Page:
Friday, August 19, 2022

Overcoming Conflicts Together

By The Editorial Team Updated: Apr 02, 2021 12:22 am

It’s raining festivals in the “land of festivals” this week. The Hindu community in the state celebrated Holi earlier this week, adorning the towns with varied hues. The occasion marked the triumph of good over evil. Then there are Kündanglüm, Monyu and Aoleang festivals of the Chang, Phom and Konyak communities respectively, which began on Thursday. Christians are observing Good Friday today to mark Jesus’ ultimate sacrifice and unconditional love for humankind. The week will end with Easter Sunday, which is observed by Christians to mark the resurrection of Jesus and signifies conquering of death and sin. Interestingly, all these festivals that originated at different places and times are about starting something new, be it a new venture, life, year, or season. These occasions are also about love, compassion, kindness, friendship, and forgiveness. 

But amid all the festivities, thousands of people from various parts of the world are suffering; some are being killed while others are struggling for survival because of violence. People in the neighbouring country of Myanmar have been having a hard time for about two months now after the military staged a coup and launched violent crackdowns on pro-democracy protesters. Hundreds of people have been reportedly killed so far, while thousands of people are fleeing the country and those remaining are living in fear. Closer home, the March 22 incident, where three persons were reportedly killed by some unidentified miscreants at Lamhainamdi village in Peren district, shook the conscience of the people, triggering criticism from all quarters. Violence, whether it happens in Myanmar, Nagaland or anywhere for that matter, disrupts peace and should be shunned at all costs. Nobody has the right to take law into their own hands. The Supreme Court of India has ruled on several occasions in the past that one cannot do that even in the name of delayed justice against a crime committed. In short, it is against the law of the land. People should have respect for the law and let it take its own course; without it, chaos is inevitable.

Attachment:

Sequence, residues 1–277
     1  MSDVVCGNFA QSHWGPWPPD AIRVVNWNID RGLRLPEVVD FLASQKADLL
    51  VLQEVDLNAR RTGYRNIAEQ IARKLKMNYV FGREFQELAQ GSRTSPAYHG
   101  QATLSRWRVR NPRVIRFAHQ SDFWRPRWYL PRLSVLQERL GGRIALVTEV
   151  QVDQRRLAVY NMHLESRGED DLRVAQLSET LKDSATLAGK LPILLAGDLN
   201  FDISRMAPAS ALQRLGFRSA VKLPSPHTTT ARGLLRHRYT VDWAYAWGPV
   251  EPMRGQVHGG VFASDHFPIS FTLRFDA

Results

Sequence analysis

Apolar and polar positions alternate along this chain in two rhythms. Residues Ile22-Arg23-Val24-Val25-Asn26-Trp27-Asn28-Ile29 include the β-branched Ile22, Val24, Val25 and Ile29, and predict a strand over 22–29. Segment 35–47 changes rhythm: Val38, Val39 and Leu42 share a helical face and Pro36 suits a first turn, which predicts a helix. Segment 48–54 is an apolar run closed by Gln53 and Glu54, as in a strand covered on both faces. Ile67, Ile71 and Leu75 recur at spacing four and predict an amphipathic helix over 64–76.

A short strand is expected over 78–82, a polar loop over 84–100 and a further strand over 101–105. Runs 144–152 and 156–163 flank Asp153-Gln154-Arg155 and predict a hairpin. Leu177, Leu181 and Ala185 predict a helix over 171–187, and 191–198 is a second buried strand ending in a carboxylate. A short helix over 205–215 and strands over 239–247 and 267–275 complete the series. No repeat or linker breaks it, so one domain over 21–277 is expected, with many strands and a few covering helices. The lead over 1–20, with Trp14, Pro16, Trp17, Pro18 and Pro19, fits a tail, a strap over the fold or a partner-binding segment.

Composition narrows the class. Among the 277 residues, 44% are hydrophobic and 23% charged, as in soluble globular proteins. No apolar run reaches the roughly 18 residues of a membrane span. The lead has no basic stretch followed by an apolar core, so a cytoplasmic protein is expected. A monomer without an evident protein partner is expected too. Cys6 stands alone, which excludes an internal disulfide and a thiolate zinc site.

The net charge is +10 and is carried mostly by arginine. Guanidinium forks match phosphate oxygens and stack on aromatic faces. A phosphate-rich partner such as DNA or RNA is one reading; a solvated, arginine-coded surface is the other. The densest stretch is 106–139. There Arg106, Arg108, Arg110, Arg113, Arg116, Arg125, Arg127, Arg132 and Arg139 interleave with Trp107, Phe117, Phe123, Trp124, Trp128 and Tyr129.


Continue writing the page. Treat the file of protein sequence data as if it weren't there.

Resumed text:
Most conflicts, past and present, are caused by miscommunication, misunderstanding and failure to sit across the table and discuss. We should learn to deliberate the most sensitive of issues and avoid giving communal tint to any crime that happens in our society because crime doesn’t have a face. What we can fight together for is justice. That’s the only way to bring about permanent solution and peace. And not to forget human virtues that have been guiding humanity for ages. We need to give more, help more, forgive more and love more.

By The Editorial Team Updated: Apr 02, 2021 12:22:45 am